RBC
  • Latest survey by Royal Bank of Canada shows Canadians are concerned about spotting scams and that fraud risk will get worse if a recession hits
  • According to the 2023 RBC Fraud Prevention Month Poll, 42 per cent of Canadians think it will be harder to spot scams during a recession than in the pandemic
  • The research also found that three-quarters of respondents (75 per cent) believe it’s easier to fall victim to a scam when struggling financially
  • RBC is a diversified financial services company, offering personal and commercial banking, and other wealth-management services

Latest survey by Royal Bank of Canada shows Canadians are concerned about spotting scams and that fraud risk will get worse if a recession hits.

According to the 2023 RBC Fraud Prevention Month Poll, 42 per cent of Canadians think it will be harder to spot scams during a recession than in the pandemic. Four in five (78 per cent) believe a recession will increase everyone’s fraud risk.

The research also found that three-quarters of respondents (75 per cent) believe it’s easier to fall victim to a scam when struggling financially. More than a third (36 per cent) however, are too worried about other things to be concerned about fraud. It also showed that 86 per cent of Canadians are simply tired of having to be on the lookout for scams.

Kevin Purkiss, Vice President, Fraud Management at RBC, commented on the survey findings.

“It’s understandable that people have a lot on their minds and don’t want to think about fraud. However, scams are getting harder to spot and fraudsters are becoming more sophisticated. We’ve seen a strong correlation between increased fraud and economic slowdowns, which means Canadians need to stay vigilant about reducing their risk.”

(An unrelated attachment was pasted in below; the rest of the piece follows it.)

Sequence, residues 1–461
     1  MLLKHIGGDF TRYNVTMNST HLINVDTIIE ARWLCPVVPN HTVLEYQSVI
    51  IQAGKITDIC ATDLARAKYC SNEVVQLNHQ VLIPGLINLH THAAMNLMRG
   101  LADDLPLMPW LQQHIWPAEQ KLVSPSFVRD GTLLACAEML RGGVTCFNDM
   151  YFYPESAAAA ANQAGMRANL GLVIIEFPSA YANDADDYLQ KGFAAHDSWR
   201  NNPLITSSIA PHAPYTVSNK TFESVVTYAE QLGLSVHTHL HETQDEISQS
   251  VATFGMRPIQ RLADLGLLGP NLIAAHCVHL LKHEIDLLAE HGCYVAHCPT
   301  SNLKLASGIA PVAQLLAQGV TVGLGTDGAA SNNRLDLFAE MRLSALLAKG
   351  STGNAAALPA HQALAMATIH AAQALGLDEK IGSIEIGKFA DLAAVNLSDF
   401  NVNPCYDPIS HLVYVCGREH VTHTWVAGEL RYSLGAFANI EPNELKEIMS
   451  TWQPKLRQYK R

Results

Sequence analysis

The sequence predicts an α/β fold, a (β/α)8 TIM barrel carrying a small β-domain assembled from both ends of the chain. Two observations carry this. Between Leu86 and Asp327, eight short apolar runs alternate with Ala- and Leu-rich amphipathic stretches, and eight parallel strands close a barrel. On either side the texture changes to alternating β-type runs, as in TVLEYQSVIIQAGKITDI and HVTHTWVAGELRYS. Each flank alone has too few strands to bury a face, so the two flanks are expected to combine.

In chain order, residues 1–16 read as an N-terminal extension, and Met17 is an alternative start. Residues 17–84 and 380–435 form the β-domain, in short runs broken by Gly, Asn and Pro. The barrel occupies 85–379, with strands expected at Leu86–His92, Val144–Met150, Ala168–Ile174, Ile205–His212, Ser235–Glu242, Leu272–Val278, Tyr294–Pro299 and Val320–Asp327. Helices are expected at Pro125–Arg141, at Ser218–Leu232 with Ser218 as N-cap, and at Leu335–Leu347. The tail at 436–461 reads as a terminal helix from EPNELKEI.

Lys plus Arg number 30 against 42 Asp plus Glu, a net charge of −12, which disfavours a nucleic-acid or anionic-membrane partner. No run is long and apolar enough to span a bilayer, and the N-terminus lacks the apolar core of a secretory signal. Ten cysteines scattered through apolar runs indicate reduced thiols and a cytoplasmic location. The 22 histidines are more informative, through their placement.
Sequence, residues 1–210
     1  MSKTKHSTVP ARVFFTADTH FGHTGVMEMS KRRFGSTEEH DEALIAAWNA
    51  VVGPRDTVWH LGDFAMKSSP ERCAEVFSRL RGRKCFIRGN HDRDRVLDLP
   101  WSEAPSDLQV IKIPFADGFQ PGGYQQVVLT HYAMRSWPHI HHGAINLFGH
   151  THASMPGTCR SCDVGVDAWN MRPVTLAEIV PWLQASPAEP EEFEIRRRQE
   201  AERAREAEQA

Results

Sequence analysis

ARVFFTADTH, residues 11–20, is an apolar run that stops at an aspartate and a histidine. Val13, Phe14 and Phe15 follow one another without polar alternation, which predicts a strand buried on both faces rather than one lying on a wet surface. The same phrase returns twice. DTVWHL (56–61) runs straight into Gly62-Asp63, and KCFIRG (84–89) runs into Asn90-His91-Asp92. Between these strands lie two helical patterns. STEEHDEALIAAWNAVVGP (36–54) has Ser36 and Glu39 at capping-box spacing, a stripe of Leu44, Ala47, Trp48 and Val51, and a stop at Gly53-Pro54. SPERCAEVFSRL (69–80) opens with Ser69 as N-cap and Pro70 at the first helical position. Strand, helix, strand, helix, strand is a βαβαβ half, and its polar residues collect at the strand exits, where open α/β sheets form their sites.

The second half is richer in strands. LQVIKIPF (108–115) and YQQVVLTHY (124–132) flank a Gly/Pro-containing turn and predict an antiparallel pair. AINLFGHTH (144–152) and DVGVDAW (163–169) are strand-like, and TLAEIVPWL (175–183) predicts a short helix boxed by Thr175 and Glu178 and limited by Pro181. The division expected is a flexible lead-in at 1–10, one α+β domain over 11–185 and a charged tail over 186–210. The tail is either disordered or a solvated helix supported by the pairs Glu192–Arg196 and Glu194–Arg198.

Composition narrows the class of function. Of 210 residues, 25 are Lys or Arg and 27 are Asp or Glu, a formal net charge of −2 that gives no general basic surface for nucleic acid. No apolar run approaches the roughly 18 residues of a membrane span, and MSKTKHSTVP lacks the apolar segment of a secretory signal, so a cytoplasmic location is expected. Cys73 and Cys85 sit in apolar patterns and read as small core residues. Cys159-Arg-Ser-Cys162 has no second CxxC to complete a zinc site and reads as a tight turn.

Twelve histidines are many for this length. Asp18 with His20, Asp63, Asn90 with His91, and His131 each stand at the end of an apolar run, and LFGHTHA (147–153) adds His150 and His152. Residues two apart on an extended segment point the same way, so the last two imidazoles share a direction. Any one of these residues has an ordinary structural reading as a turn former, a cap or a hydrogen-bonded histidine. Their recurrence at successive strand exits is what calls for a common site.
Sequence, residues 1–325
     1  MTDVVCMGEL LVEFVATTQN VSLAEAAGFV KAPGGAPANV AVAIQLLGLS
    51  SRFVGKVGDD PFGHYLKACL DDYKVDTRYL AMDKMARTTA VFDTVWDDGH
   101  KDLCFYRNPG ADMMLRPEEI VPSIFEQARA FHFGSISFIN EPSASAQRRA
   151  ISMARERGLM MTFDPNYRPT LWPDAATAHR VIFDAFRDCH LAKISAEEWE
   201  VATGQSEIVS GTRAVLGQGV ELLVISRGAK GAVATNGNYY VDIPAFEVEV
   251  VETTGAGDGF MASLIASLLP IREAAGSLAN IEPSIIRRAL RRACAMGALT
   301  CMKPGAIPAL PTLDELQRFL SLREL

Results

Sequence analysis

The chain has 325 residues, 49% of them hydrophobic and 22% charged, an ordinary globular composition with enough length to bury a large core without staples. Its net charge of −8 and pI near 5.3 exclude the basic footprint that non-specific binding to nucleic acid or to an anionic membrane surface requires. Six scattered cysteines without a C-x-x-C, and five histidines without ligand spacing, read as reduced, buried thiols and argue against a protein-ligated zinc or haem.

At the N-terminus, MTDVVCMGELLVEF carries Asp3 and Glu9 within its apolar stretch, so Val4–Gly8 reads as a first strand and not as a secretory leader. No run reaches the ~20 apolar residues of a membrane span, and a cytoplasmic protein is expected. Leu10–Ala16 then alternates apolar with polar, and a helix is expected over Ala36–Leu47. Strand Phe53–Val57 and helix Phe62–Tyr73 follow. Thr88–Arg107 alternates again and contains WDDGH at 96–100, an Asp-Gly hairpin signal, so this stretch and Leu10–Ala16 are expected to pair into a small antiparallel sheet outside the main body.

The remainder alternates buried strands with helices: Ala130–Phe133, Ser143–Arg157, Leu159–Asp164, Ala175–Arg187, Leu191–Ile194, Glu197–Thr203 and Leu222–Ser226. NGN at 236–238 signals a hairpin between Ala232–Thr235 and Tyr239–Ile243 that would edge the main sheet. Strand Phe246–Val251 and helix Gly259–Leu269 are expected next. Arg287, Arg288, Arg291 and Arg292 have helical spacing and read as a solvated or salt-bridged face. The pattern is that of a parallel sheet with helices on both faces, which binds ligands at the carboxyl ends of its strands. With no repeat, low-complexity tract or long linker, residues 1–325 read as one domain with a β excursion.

Other significant poll findings

  • 77 per cent say their first instinct is to assume every e-mail, phone call or text from a company or organization is a scam
  • 67 per cent say it’s harder than ever to tell when an e-mail, text or online ad is a scam
  • 32 per cent are concerned they are already starting to miss the signs of potential fraud
  • 71 per cent worry it will be harder to spot the signs of fraud as they get older
  • 23 per cent have been a victim of fraud or fallen for a scam
  • 18 per cent report fraudsters have gained access to their personal or financial information
  • 14 per cent say they lost money in a scam, with $400 as the average total amount lost
  • 6 per cent have lost more than $10,000

RBC’s four tips to help avoid potential scams

  • Do not give out personal information to people you do not know
  • Do not share information or click on a link or attachment from sources you do not trust
  • When online, do not enter login information or credit card details unless you are sure the site is legitimate
  • Do your research and be extra cautious when shopping online or on social media

About the survey

These are the findings of a survey commissioned by RBC. The survey was conducted from February 15-17, 2023 among a nationally representative sample of 1,504 Canadian adults (18+), balanced and weighted on age, gender, region and education.

About Royal Bank of Canada

RBC is a diversified financial services company, offering personal and commercial banking, and other wealth-management services. The bank is concentrated in Canada, with additional operations in the U.S. and other countries.

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